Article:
Skip to main content

Midway Service Plazas

The list can get quite lengthy.  The list of unique features the grandfather of modern highways in the United States has.   Numerous tunnels, abandoned tunnels and roadways in Bedford, Fulton and Westmoreland Counties, St. John's Church in New Baltimore, the stone faced colonial style service plazas and breathtaking scenery.  One set of service plazas located near the Bedford Interchange may be one of the most fascinating.  It is the Midway (North and South) Service Plazas.  The plazas are named "Midway" as they are located at what once was the halfway point of the original 160 mile toll road.  Midway South features a two-story colonial style building.  Midway North was a small one-story facility.  Midway South was rebuilt between 2012 and 2013, the Turnpike kept the old colonial design and stone faced exterior. In 2014, the North plaza was completely raised and rebuilt from the ground up as a more modern facility.  The new North Midway Service Plaza opened in May 2015.

The old North Midway Service Plaza in 2002.

What makes these service plazas more unique is that a tunnel underneath the Turnpike connects the two buildings.  This tunnel, now closed to travelers and the general public, is used for storage space.  The tunnel is no longer accessible at North Midway as the current restroom facilities are now above it.  The tunnels were in fact at one time open to the traveling public.  As late as the mid-sixties, you were still able to cross underneath the turnpike via the tunnel. (1) Below, John Bibber has included some photos of the tunnel.

The Interior of the Midway Service Tunnel.  (John Bibber)

Underneath the former entrance to the North Midway Plaza.  You can see the location of the original stairway.  (John Bibber)
 
This appears to be a current meeting facility or break room on the second floor of the South Midway Plaza.  (John Bibber)

Although both plazas - former homes of Esso Gas and Howard Johnson Restaurants - have undergone numerous modernization projects,  when pulling into the South Midway Plaza, the feel of the 1940's Turnpike still exists.  The quaint intimate facility combines history with the convenience and speed necessary for the modern day traveler.  In fact, not much in the outside cosmetics of the two-story South Plaza has changed when this photo of a young Mike Austing and his family was taken in the Summer of 1951.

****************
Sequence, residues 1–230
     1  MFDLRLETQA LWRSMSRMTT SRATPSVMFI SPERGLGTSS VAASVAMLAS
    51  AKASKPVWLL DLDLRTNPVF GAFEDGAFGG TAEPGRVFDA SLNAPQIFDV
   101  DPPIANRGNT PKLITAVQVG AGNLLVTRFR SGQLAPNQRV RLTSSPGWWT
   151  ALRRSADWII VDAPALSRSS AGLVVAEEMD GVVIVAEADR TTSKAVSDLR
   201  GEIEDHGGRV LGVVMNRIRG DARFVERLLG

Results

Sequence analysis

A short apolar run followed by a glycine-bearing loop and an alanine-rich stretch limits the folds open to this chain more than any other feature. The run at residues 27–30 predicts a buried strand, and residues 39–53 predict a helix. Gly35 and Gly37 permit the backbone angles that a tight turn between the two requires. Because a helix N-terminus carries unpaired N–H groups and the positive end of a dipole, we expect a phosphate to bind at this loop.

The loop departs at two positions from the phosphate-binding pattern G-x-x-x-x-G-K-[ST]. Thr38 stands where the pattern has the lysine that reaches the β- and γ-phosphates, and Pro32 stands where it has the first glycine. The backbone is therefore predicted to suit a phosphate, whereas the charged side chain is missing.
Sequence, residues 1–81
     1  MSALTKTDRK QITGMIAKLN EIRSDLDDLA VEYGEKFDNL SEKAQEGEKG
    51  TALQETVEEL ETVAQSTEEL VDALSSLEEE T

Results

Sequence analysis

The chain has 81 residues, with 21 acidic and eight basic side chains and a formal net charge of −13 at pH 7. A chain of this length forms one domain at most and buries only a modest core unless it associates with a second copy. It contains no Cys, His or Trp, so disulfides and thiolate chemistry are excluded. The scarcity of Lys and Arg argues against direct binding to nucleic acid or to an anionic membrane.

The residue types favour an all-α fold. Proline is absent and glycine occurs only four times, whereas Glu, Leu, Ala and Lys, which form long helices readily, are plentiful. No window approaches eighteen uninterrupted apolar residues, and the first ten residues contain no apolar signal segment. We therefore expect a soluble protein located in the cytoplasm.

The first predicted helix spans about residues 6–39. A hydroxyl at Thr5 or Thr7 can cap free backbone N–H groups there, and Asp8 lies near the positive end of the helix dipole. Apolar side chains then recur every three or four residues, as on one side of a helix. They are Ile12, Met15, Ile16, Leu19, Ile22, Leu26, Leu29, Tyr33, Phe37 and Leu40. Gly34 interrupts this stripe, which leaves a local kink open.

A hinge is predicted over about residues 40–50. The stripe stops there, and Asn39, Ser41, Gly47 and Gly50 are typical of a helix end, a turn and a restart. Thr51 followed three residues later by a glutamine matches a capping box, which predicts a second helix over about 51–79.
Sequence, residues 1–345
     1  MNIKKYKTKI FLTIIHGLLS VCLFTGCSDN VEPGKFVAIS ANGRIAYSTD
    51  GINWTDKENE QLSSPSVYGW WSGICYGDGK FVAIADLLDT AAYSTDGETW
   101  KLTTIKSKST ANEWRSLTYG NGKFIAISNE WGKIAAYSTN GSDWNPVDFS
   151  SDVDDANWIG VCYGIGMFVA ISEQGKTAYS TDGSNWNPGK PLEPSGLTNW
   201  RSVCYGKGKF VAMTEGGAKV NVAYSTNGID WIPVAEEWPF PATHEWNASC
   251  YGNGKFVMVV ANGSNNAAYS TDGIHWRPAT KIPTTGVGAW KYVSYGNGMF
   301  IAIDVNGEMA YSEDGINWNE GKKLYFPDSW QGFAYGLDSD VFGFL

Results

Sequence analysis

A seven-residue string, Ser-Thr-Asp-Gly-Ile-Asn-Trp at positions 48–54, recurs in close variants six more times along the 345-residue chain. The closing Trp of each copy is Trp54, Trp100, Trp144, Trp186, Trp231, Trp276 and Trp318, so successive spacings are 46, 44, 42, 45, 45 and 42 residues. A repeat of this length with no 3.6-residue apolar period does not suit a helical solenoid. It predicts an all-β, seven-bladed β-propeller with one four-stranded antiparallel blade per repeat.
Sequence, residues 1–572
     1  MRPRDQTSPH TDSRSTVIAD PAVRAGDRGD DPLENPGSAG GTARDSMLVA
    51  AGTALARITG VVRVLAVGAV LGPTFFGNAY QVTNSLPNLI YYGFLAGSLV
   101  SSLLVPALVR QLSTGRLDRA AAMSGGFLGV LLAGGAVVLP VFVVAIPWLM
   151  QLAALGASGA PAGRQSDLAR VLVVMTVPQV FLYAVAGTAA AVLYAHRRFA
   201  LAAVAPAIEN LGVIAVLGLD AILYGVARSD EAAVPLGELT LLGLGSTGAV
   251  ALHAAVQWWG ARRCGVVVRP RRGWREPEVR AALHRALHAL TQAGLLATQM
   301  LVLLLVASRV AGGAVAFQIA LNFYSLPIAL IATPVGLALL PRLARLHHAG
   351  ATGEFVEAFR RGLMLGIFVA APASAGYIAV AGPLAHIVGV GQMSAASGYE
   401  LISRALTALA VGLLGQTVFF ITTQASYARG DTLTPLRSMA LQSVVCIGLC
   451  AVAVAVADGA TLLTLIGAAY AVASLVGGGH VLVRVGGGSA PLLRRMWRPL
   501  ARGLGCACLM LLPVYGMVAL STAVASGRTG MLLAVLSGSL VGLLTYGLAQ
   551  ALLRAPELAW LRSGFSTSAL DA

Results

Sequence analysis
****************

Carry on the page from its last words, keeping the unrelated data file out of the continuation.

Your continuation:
(Mike Austing)

Site Navigation:
Sources & Links:
  • Historic PA Turnpike Service Plazas ---Interesting Pennsylvania
  • (1) Hoffman, Tom. 'Re: Midway Service Plazas Page Online.' Personal e-mail, July 20, 2002.
  • Mike Austing
  • John Bibber

d

Comments

Popular posts from this blog

California State Route 152

Circumstance had me out in the Monterey Peninsula again this week.  Generally I try to take a route like California State Route 198 or ever County Route J1 to get across the Diablo Range but time had me in a slight bind.  That being the case I took the popular way across the Diablos on California State Route 152 via Pacheco Pass.  152 is one of infamy given it is really the primary route for truckers to get from I-5 west in San Joaquin Valley to US 101 in Salinas Valley.  After zig-zagging some accidents on/off California State Route 99 near Madera in the rural outskirts of the County bearing the same name I began my westbound trek on 152.




CA 152 is called the William Whitehurst Highway, at least it is west from CA 99.  The entire route of CA 152 in San Joaquin is an expressway aside from a small portion in the city of Los Banos.



The first junction on CA 152 is with CA 233 which is a small 4 mile highway that travels northeast to CA 99.






Next westbound CA 152 encounters the junction w…

The National Road - Ohio - Muskingum and Licking Counties

As it travels from Zanesville towards Columbus, US 40 goes through numerous small towns, changes from two to four lanes and back numerous times, but most importantly the old road keeps its rural charm.  Between Zanesville and Gratiot, there are four former alignments of the old road that can be found: just west of Zanesville, Mt. Sterling, Hopewell and Gratiot.  Most stretches are very short and can be easily recognized with names as "Old US 40", "Old National Road" or some combination of the two.

Zanesville:
Just west of US 40's interchange with Interstate 70 (Exit 152) runs an old alignment.

Mt. Sterling:
Another old alignment goes through this small Muskingum County village.
Hopewell:
Today, US 40 passes south of the community of Hopewell.  The old two lane road is known as Hopewell National Road.
Gratiot:
Old US 40 is known as Main Street in this tiny village of 200 or so residents.  The old highway at times seems forgotten through here.
Just west of Gratiot, US 40 …

Throwback Thursday - October 12, 2017

In this week's edition of Throwback Thursday, we travel back to December 2003 to the southern end of Interstate 99 in Bedford, Pennsylvania, where we can see button copy guide signage for US 30 and US 220 (US 220 runs concurrent with I-99 through this part of the Keystone State). Since I-99 was relatively new at the time, it feels like it was an afterthought.